26 (citations omitted), but nevertheless, the mere possibility of misconduct falls short of
27 meeting the plausibility standard, Iqbal, 556 U.S. at 678; Moss, 572 F.3d at 969.
Plaintiff’s claims stem from his incarceration in the Stanislaus County Jail in
3 Modesto, California. He brings this action against the California Forensic Medical Group
4 (“CFMG”); the Stanislaus County Jail (“the Jail”); Lt. Mike Dailey; Sgt. Chad Blake; and
5 retired Sgt. Vince Truffa.
His allegations may be summarized essentially as follows:
Plaintiff suffered a leg injury after falling from a ladder while working at the Jail.
8 Defendants Dailey, Blake, and Truffa, Plaintiff’s immediate supervisors, were notified of
9 Plaintiff’s injury. Plaintiff was taken to CFMG, the Jail medical provider, for medical
10 treatment. Plaintiff’s supervisors and the CFMG were all notified that Plaintiff’s injury was
11 work-related. The CFMG cut open Plaintiff’s leg, causing an infection. The infection
12 continued for six months, eventually spreading through Plaintiff’s lower leg and leaving it
13 scarred and disfigured. When CFMG could no longer treat the infection, they sent Plaintiff
14 to a “workman’s comp doctor,” who refused the “claim” due to “prior treatment and
15 liability.” Plaintiff states he should have been taken to a “workman’s comp doctor” as
16 soon as he was injured.
Defendants Dailey, Truffa, and Blake violated Plaintiff’s rights when they directed
18 CFMG instead of a “workman’s comp doctor” to treat Plaintiff. CFMG violated his rights
19 by cutting open Plaintiff’s leg, thereby causing an infection. Plaintiff is still in need of
20 treatment. He is in constant pain and his injury continues to get worse.
Plaintiff seeks monetary compensation and injunctive relief.
Plaintiff’s first civil rights complaint included the above allegations as well as
24 allegations that prison staff gave Plaintiff a defective ladder, which caused his injury, and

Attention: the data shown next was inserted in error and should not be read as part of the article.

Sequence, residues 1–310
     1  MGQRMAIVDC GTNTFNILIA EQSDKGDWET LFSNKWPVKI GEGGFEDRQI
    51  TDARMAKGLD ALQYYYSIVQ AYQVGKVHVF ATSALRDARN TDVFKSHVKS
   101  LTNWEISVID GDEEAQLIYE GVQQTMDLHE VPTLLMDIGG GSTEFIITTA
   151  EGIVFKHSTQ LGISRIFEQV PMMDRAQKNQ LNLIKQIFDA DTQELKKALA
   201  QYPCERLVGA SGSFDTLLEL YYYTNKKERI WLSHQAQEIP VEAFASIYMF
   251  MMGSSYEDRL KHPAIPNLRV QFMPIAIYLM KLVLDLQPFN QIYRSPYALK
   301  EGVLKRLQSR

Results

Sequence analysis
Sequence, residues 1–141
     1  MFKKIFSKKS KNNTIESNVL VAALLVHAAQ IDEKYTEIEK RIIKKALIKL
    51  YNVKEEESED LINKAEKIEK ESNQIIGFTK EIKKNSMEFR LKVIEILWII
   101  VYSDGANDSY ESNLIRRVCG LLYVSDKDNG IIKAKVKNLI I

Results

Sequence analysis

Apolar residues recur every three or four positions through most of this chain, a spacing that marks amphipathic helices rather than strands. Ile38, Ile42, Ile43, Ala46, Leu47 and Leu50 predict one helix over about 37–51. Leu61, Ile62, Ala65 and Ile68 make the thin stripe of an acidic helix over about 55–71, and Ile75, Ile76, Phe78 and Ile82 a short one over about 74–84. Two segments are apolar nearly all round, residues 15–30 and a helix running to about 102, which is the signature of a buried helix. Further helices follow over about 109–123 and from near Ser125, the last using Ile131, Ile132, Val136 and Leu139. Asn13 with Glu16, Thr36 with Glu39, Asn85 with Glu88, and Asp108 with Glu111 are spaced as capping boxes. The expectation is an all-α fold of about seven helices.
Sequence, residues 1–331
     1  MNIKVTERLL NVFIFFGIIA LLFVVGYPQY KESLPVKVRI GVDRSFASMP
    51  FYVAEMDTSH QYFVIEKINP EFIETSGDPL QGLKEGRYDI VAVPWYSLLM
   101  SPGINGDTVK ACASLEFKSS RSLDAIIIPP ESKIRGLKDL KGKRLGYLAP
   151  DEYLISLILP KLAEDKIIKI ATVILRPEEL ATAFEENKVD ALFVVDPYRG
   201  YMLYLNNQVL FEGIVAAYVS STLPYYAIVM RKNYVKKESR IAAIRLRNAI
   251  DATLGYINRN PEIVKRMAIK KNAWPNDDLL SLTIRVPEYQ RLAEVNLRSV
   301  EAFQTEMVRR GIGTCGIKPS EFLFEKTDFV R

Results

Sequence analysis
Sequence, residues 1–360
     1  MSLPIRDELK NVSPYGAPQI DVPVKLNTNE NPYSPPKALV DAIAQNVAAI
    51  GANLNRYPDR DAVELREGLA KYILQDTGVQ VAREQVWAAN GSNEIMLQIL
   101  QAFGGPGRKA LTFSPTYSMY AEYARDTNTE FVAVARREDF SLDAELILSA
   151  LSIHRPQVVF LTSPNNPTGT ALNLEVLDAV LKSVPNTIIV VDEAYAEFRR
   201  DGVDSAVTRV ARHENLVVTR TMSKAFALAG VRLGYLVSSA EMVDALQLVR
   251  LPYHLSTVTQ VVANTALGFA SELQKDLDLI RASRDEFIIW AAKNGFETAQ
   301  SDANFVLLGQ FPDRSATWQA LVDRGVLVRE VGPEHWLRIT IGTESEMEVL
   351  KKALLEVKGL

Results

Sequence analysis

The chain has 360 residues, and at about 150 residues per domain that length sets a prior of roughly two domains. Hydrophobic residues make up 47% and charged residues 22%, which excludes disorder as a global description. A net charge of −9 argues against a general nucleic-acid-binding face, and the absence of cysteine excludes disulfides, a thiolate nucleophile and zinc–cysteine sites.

25 exposed Plaintiff to asbestos and lead. That complaint was dismissed because Plaintiff’s
26 allegations were conclusory and failed to link any Defendant to a violation of his rights
27 (ECF No. 9 at 6-10); Plaintiff was given leave to amend. His first amended complaint was
28 much more detailed, and included allegations against individual medical staff members
1 detailing the treatment he received for his leg injury. The Court dismissed it because it
2 found that Plaintiff’s allegations regarding the cause of and treatment for his leg injury
3 failed to rise to the level of a constitutional violation. (ECF No. 13 at 9). However, the
4 Court noted that Plaintiff’s claims regarding his exposure to the environmental hazards of
5 lead and asbestos might be curable through amendment, and granted Plaintiff a second
6 opportunity to amend. (Id. at 10.) The second amended complaint contains fewer details
7 than either the first or second complaints, and raises no claims regarding the faulty
8 ladder, environmental hazards, or the actions of individual medical personnel.
For the reasons set forth in the Court’s May 16, 2017 screening order and
10 summarized below, the Court will recommend the action be dismissed for failure to state
11 a claim. Given the last two efforts to amend, it is clear further leave would be futile and
12 should be denied.